Angry about climate change or the arms trade? Concerned about the rights of refugees or the rise of the far right? Do you want to end zero hours contracts or protect your local library from closure? This workshop will explore how we can all take effective action to bring about the changes we want to see in the world. Led by three long-time campaigners from Peace News (www.peacenews.info). By donation. Food provided. Booking required.
BOOK YOUR PLACE HERE: bit.ly/HowWeWin-PeaceNews-Hastings
100 years ago Woolf had published her first novel. Today she is considered one of the foremost modernist female writers of the 20th Century, a pioneer of streams of consciousness narrative; her work, themes and concerns remain uncannily relevant to today’s society.
This all female group of nine contemporary artists seek to interpret Woolf’s written work on themes of memory, the passage of time, the corrosion and rejuvenation of life, the status of women in society, the consequences of war and existentialism. The exhibition will include installation work, sculpture, photography, sound and video works.
Woolf was strongly connected to the South East having lived, written and died in East Sussex, close to her sister Vanessa Bell; both part of the Bloomsbury Group. Woolf had associations with Sissinghurst, Knole, Sevenoaks and Rye, to the source of the river Ouse that makes its way from Sheffield Park through Lewes to Rodmell, where Woolf lived for much of her life.
Below are brief statements about the nine artists.
Jane Cordery’s artworks and installations evolve by linking human fragility with environmental and socio-political impacts. Particularly interested in liminal states she examines contemporary dichotomies, such as: connection and disconnect, cohesion and fragmentation, inclusion and marginalisation. Often seeking historical parallels, she acknowledges the importance of memory. A process based artist, she works with a variety of material and methodologies.
Kit Forrest recreates stories from the past, intertwining her own personal experiences. Fascinated by stories that are uncomfortable, ingrained beneath the surface, wound tightly into our subconscious yet affecting our day to day lives, she carefully unpicks them, processing as she makes. Utilising found imagery and material steeped in tradition she gradually allows the subconscious to communicate visually.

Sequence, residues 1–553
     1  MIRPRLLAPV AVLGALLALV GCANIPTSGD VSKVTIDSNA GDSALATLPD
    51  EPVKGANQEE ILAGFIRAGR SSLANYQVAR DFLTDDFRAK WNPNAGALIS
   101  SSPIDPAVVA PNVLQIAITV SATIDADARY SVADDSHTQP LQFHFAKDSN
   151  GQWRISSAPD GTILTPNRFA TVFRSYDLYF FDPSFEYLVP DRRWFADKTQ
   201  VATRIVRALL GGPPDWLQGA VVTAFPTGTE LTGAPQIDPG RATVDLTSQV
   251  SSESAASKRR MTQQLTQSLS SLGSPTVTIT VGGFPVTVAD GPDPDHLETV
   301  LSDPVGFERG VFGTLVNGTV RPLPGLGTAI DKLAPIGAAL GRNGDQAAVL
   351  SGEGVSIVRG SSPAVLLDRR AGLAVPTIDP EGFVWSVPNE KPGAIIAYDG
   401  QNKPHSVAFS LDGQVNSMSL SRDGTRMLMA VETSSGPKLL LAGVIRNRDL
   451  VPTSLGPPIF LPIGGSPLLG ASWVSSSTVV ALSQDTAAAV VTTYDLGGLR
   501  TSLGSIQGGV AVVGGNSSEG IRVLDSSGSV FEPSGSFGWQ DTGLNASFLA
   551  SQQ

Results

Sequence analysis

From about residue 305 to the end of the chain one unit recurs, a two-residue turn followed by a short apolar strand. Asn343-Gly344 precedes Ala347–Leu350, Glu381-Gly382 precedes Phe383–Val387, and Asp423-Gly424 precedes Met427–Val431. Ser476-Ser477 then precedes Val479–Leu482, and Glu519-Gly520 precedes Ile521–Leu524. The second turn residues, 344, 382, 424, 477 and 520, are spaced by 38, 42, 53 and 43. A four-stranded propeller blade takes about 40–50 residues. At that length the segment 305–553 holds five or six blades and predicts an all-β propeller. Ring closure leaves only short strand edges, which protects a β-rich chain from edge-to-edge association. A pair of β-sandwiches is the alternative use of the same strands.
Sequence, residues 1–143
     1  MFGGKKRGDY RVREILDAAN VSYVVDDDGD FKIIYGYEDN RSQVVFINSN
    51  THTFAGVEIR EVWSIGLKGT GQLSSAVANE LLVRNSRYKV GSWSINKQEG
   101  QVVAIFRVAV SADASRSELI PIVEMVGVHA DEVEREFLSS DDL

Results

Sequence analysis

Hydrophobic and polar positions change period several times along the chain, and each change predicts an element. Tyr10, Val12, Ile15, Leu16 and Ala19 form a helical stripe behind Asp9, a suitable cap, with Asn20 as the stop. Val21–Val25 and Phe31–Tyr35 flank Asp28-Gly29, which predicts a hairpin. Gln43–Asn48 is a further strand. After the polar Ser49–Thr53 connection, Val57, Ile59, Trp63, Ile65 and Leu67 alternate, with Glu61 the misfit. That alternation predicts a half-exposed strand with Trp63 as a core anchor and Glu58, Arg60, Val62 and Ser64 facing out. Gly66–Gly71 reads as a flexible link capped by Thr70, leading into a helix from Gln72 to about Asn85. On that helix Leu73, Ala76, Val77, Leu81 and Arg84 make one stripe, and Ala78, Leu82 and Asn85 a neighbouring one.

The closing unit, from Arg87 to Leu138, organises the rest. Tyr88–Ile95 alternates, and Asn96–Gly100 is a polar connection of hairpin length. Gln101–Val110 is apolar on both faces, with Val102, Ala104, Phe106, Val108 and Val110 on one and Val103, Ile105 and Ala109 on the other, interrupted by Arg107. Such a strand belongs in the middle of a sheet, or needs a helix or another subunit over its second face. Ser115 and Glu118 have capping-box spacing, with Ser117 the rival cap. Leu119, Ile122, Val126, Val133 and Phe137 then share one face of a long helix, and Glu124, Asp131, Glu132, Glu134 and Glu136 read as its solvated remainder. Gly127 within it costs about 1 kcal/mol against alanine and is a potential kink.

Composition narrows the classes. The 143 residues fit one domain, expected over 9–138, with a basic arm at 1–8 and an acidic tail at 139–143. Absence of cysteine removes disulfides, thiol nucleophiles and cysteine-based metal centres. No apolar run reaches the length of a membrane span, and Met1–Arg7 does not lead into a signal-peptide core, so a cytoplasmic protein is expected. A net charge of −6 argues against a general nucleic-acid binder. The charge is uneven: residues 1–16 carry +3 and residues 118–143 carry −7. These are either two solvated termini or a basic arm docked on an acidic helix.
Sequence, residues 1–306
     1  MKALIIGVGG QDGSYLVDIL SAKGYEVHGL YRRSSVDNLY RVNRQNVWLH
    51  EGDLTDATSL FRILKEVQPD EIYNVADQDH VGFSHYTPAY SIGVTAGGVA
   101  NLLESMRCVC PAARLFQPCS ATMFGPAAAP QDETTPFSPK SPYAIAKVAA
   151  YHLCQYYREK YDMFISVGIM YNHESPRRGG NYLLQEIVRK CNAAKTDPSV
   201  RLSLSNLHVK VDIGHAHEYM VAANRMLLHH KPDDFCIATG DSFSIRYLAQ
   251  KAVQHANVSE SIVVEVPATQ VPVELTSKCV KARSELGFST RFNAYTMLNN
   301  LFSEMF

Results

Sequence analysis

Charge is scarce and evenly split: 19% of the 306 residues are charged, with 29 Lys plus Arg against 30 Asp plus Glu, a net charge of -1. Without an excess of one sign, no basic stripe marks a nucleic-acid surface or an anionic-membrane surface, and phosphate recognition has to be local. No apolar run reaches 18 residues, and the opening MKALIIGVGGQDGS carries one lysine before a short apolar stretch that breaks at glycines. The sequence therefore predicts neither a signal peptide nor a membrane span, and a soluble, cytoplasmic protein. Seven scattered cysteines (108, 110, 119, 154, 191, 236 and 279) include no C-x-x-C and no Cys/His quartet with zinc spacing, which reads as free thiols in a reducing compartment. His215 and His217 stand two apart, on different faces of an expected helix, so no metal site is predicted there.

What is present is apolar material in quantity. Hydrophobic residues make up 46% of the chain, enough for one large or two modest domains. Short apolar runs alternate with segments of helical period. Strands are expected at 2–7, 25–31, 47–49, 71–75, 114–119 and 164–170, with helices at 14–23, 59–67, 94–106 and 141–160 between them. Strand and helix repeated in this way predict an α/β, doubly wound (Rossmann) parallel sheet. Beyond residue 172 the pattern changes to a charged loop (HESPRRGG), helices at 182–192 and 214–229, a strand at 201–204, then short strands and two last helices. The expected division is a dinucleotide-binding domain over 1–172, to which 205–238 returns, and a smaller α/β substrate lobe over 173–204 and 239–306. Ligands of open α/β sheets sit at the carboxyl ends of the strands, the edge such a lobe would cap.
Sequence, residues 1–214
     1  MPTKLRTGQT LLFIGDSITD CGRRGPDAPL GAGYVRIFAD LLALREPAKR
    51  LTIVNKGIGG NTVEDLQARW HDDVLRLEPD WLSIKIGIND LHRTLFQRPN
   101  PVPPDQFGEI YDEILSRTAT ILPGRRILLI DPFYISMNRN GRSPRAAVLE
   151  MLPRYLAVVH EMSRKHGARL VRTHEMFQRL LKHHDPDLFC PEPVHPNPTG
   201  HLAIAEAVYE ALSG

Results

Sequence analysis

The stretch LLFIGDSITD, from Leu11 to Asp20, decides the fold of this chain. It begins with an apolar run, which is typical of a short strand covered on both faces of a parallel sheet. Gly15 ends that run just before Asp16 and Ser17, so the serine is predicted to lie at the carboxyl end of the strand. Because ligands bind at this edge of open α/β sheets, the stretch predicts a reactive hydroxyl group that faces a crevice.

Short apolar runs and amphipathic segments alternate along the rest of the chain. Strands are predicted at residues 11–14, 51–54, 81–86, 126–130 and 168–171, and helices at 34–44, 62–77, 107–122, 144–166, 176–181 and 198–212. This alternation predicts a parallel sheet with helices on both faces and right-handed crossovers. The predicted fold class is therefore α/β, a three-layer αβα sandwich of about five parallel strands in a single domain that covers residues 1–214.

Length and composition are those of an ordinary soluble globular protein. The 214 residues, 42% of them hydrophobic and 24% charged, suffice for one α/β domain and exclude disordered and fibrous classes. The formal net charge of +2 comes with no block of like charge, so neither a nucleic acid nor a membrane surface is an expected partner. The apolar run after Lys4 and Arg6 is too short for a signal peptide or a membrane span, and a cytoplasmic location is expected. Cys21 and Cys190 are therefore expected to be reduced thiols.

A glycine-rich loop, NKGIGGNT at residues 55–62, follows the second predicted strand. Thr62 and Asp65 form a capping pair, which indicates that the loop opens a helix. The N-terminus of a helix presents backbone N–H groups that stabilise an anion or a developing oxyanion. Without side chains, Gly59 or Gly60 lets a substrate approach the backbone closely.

Sonia Griffin’s practice explores ideas and materials of our product and fashion based culture and how historic values are attached to these. She uses the traditions of modernism to convey a thought or obsession that she is exploring. This exploration does not aim to end with a message for viewers but seeks to visually convey elements of our world differently.
Rachel Hornsby is drawn to the spirit of folklore, songs and literature that has inspired or captured the imagination of others through the generations. The gift to evoke a texture, object or feeling is what she seeks to capture and make manifest, bringing form to the mental imagery conveyed. Her work takes a variety of forms, often inspired by found objects that connect thought and memory
Frederique Jones‘ is interested in what lies beyond our immediate perception of things and seeks to bring these imperceptible happenings forward. She chooses her materials and methods to fit with the object of her investigation, which is essentially process-led and often characterised by repetition. Her work may combine empirical elements, chance or mathematical algorithms and ranges from small scale, wall-based pieces to larger sculptural installations.
Sam King’s artwork responds to both interior and exterior landscapes, often in combination; an interplay between two worlds. Her focus is drawn to a specific element, place or time which she feels compelled to share, the rest becomes obsolete; a mental process of selection and omission. She works with both physical materials and digital media, resulting in videos and paintings that sit between genres – paintings which are also photographs, videos which are also deliberate interventions.